Rome is also widely recognised as a world fashion capital. Although not as important as Milan, Rome is the world’s fourth most important center for fashion in the world, according to the 2009 Global Language Monitor after Milan, New York and Paris, and beating London. Major luxury fashion houses and jewellery chains, such as Bulgari, Fendi, Laura Biagiotti and Brioni (fashion), are headquartered or were founded in the city. Also, other major labels, such as Chanel, Prada, Dolce & Gabbana, Armani and Versace have luxury boutiques in Rome, primarily along its prestigious and upscale Via dei Condotti.

Rome is at the centre of the radial network of roads that roughly follow the lines of the ancient Roman roads which began at the Capitoline Hill and connected Rome with its empire. Today Rome is circled, at a distance of about 10 km (6 mi), by the ring-road (the Grande Raccordo Anulare or GRA).

Due to its location in the centre of the Italian peninsula, Rome is a principal railway node for central Italy. Rome’s main railway station, Termini, is one of the largest railway stations in Europe and the most heavily used in Italy, with around 400 thousand travellers passing through every day. The second-largest station in the city, Roma Tiburtina, is currently being redeveloped as a high-speed rail terminus.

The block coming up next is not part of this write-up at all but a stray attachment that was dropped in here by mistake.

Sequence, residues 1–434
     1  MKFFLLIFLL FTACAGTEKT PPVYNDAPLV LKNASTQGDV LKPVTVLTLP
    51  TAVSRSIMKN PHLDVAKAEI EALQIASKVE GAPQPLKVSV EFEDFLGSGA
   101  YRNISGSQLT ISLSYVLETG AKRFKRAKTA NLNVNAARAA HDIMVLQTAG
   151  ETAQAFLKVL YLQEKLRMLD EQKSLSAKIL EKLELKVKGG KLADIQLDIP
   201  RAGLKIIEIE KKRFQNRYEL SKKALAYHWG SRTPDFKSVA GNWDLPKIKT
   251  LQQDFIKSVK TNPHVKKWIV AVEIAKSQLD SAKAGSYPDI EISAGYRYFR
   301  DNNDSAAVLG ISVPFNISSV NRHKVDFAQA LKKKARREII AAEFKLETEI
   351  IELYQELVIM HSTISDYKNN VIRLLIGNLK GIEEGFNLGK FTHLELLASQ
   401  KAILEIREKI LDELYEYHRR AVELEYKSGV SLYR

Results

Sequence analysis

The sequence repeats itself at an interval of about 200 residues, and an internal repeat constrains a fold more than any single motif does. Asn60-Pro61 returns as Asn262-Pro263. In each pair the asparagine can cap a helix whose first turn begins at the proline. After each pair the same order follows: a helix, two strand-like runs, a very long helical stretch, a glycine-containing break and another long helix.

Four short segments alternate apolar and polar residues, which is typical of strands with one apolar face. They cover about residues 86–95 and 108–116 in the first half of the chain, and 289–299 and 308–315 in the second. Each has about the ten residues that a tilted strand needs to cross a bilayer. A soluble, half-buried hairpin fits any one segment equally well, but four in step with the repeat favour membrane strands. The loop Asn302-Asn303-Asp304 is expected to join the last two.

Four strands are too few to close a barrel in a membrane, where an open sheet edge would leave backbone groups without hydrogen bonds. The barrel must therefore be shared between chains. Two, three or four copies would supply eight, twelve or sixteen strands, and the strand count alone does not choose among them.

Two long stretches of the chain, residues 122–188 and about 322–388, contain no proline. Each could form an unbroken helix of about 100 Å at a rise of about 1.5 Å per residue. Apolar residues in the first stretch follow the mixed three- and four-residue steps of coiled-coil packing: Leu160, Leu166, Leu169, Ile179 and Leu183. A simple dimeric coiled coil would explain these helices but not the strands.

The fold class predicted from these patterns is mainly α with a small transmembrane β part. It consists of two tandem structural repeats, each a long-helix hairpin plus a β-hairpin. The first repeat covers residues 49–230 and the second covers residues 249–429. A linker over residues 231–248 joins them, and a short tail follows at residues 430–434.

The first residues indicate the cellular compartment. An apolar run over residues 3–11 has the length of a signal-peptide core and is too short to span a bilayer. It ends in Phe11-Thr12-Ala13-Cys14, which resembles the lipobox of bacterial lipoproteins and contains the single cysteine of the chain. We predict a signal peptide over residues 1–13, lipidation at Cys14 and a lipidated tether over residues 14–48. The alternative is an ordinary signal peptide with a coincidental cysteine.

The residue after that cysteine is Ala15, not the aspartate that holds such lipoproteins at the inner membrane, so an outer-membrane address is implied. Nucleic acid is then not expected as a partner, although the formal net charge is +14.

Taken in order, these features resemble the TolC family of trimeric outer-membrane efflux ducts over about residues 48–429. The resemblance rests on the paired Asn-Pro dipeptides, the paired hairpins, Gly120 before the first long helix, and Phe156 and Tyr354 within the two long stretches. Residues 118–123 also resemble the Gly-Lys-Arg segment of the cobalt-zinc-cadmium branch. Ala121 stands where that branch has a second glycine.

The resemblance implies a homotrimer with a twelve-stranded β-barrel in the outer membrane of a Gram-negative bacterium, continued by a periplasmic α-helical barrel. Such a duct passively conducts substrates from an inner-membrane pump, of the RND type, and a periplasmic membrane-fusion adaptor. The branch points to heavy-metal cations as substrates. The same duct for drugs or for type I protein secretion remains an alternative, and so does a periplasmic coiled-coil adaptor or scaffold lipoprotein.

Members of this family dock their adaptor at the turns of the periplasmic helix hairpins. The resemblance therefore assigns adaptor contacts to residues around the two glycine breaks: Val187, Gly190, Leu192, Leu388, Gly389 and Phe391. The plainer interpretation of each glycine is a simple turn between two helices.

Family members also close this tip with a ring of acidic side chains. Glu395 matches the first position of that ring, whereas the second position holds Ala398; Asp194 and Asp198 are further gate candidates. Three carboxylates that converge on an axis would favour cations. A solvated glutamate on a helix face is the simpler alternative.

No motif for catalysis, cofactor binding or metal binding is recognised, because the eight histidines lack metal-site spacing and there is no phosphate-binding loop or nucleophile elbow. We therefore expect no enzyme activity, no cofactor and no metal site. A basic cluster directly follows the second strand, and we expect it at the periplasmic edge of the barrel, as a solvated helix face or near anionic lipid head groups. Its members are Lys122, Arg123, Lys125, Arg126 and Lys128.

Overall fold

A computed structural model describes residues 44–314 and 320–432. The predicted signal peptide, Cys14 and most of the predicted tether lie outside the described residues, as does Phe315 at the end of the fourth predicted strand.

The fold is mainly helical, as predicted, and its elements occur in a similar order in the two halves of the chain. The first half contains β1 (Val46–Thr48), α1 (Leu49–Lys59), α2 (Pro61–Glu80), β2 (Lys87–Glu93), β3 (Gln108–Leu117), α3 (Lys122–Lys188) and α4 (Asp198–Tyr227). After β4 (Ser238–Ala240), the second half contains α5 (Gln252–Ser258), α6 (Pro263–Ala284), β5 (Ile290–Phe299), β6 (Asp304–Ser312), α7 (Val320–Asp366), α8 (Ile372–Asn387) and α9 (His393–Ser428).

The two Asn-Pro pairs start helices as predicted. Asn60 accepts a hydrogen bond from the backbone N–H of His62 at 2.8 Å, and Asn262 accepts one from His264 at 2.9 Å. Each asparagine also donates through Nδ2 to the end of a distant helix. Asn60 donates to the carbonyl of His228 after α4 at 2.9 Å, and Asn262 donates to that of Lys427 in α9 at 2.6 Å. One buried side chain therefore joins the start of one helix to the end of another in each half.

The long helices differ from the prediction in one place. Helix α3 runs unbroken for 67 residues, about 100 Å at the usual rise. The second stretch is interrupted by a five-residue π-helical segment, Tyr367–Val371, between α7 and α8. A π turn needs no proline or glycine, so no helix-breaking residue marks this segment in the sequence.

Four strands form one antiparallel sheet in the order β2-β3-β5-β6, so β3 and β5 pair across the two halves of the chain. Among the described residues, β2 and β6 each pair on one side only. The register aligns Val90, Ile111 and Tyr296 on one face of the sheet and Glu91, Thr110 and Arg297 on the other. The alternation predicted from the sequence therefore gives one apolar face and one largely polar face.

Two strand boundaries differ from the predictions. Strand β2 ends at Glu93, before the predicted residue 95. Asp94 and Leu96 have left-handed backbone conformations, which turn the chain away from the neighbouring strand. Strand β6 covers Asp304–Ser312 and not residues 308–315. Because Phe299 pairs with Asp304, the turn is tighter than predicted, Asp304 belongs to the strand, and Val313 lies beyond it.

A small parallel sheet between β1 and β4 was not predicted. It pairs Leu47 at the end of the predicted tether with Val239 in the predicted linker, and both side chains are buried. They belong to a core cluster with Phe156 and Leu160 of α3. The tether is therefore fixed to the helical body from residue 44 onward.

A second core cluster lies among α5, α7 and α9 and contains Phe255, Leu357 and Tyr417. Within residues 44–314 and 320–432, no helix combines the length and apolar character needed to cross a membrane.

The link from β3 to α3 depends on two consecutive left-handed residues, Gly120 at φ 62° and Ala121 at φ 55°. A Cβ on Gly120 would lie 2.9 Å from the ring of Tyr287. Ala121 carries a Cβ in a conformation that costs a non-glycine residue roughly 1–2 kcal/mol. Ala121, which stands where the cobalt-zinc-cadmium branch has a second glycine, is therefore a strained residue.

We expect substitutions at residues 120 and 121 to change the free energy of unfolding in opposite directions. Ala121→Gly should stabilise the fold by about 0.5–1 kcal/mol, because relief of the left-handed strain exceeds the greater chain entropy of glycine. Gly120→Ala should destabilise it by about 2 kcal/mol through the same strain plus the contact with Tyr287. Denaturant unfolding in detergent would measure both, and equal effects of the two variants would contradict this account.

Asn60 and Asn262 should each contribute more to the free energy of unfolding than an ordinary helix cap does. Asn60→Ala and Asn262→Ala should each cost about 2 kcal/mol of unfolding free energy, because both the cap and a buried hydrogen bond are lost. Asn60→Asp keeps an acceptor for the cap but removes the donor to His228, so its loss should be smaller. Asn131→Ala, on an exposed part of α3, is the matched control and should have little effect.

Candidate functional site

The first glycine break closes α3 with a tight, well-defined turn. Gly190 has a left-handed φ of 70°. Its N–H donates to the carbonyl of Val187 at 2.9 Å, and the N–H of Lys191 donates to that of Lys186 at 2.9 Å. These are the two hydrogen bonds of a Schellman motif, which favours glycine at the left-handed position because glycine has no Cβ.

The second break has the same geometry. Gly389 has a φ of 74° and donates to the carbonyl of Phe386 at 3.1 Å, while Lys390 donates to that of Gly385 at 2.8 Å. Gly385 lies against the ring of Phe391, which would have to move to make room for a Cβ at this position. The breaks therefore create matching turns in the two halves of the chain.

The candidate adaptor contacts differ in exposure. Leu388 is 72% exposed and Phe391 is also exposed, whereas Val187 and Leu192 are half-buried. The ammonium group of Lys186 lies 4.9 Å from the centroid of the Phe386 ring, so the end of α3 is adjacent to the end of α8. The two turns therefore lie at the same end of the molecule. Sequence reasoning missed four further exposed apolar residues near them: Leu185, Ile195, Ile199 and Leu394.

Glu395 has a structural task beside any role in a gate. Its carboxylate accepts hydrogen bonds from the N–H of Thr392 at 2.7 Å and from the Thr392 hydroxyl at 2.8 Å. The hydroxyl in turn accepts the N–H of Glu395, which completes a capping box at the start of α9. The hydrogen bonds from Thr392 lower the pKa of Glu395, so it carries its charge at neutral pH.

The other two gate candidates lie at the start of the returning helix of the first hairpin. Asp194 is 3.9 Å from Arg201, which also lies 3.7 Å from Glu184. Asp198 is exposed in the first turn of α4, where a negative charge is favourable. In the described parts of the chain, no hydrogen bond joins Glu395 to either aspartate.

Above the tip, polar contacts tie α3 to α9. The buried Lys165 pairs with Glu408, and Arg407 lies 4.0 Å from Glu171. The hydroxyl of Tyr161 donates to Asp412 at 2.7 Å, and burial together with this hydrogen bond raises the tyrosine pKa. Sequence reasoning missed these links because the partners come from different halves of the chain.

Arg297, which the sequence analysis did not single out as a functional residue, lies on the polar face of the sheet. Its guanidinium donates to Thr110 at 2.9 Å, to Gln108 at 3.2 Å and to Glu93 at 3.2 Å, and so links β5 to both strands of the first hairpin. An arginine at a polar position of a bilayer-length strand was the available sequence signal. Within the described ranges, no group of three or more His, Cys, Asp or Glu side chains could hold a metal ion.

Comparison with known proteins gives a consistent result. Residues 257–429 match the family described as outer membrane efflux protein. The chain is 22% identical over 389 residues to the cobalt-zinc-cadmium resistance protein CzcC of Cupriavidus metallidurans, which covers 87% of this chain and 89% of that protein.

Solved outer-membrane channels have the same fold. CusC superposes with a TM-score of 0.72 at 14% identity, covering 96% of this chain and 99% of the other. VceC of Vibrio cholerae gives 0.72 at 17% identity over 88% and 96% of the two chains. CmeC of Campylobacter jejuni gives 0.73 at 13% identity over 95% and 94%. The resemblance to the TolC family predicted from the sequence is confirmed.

Rome is served by three airports. The intercontinental Leonardo da Vinci International Airport is Italy’s chief airport and is commonly known as “Fiumicino Airport”, as it is located within the nearby Comune of Fiumicino, south-west of Rome. The older Rome Ciampino Airport is a joint civilian and military airport. It is commonly referred to as “Ciampino Airport”, as it is located beside Ciampino, south-east of Rome. A third airport, the Roma-Urbe Airport, is a small, low-traffic airport located about 6 km (4 mi) north of the city centre, which handles most helicopter and private flights.

The city suffers from traffic problems largely due to this radial street pattern, making it difficult for Romans to move easily from the vicinity of one of the radial roads to another without going into the historic centre or using the ring-road. These problems are not helped by the limited size of Rome’s metro system when compared to other cities of similar size. In addition, Rome has only 21 taxis for every 10,000 inhabitants, far below other major European cities. Chronic congestion caused by cars during the 1970s and 1980s led to restrictions being placed on vehicle access to the inner city-centre during the hours of daylight. Areas where these restriction apply are known as Limited Traffic Zones (Zona a Traffico Limitato (ZTL) in Italian). More recently, heavy night-time traffic in Trastevere and San Lorenzo has led to the creation of night-time ZTLs in those districts, and there are also plans to create another night-time ZTL in Testaccio.

Languages Used

Italian 94%
Sardinian 4%
Ladino 1%
Other 1%